Should the BBC be as gentle as it tends to be when it has Nick Griffin of the British National Party on the show? On Monday, he appeared on The World at One, and the following messages were swiftly generated by concerned listeners.
People at the National Assembly Against Racism circulated this protest [10.12.2001]:
CALL THE BBC TO PROTEST: Nick Griffin, the leader of the fascist BNP was today interviewed on The World at One, asked to comment on Blunkett’s ‘British test’. He said that David Blunkett was ‘jumping on the BNP’s bandwagon’.
Griffin on the BBC the day after Blunkett made his comments is a demonstration of what the so-called ‘British test’ leads to: giving lifeline to a fringe fascist group. It is unacceptable that the BBC treats Griffin yet again as a legitimate commentator on race relations in Britain today.
Call the BBC to complain against their decision to interview him, providing him air time, only two weeks after their Panorama programme highlighted their leaders’ criminal records and their allegiance to the politics of the Third Reich.
Palash then commented [11.12.2001]:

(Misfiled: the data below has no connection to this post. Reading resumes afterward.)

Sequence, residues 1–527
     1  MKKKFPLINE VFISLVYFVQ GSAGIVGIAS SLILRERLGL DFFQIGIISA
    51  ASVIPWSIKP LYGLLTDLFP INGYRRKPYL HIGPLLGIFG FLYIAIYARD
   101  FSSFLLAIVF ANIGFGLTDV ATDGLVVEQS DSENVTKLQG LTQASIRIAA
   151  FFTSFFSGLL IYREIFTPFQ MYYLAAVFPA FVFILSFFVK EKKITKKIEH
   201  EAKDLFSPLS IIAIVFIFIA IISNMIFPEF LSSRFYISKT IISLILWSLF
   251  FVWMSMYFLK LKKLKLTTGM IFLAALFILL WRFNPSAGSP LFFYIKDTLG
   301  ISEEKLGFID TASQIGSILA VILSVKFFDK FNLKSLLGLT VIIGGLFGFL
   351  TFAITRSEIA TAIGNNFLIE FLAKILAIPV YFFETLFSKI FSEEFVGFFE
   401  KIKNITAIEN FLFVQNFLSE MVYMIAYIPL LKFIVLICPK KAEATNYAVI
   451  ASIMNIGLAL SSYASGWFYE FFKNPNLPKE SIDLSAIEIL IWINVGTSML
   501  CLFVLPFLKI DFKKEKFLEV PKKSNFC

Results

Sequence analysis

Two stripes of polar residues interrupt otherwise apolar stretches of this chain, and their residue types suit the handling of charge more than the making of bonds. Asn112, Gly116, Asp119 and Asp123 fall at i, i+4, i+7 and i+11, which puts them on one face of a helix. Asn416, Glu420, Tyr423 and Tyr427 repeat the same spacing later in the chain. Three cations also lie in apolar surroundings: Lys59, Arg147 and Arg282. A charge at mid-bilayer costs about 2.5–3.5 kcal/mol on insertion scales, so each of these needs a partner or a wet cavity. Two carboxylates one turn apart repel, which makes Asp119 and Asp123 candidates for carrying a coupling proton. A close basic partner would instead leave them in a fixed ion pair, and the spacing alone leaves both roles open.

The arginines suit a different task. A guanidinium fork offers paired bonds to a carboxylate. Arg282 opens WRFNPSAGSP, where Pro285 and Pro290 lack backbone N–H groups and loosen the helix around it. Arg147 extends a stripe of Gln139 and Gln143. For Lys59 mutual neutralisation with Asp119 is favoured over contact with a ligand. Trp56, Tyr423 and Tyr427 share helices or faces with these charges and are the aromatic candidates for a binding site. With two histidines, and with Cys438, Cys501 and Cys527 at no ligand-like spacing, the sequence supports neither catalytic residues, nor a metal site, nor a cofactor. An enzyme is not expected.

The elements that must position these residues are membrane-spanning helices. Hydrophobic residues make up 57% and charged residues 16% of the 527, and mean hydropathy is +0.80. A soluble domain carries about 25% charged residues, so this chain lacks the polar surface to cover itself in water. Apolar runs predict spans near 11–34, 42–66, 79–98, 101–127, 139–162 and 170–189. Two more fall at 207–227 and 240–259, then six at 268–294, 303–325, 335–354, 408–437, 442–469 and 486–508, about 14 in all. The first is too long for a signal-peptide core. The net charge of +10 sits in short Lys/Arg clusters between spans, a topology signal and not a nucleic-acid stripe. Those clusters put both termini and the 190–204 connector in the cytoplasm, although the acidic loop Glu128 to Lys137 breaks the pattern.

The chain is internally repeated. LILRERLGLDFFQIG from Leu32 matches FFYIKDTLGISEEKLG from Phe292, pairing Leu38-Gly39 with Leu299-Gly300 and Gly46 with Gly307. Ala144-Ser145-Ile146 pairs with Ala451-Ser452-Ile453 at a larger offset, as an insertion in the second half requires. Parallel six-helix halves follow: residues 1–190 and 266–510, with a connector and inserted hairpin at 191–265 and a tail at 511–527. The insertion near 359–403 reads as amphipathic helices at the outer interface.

What do I think? … I certainly don’t care for the hysterical phrasing of the email, but that goes with the tedious preachy “activist” territory. This bit — “It is unacceptable that the BBC treats Griffin yet again as a legitimate commentator on race relations in Britain today” — is probably a rhetorical sleight of hand. I didn’t hear the report (and on those grounds alone I wouldn’t complain to the Beeb about it unless I agreed with a blanket platform of censoring the far right under any circumstances, which I don’t). But I would imagine that they had Griffin on so as to make precisely the point that these National Assembly campaigners are making, namely that Blunkett’s statement unfortunately plays in some way into the hands of extremists. (Which doesn’t, of course, necessarily mean, in itself, that he was wrong to make the statement. In fact, there is an interesting cynical question here – does it help or hinder the far right when mainstream politicians make anti-PC, or even racist, noises, or get tough on immigration? There’s a case for saying the NF in France lost a lot of ground when the Gaullists stole their clothes in the early nineties. At least it’s useful to have a debate going on in the mainstream, if that debate needs to had, rather than to marginalise it and allow extremists to capitalise on it. Though there is the very serious converse problem that the more the mainstream parties flirt with regressive racial politics, the more acceptable those politics become.)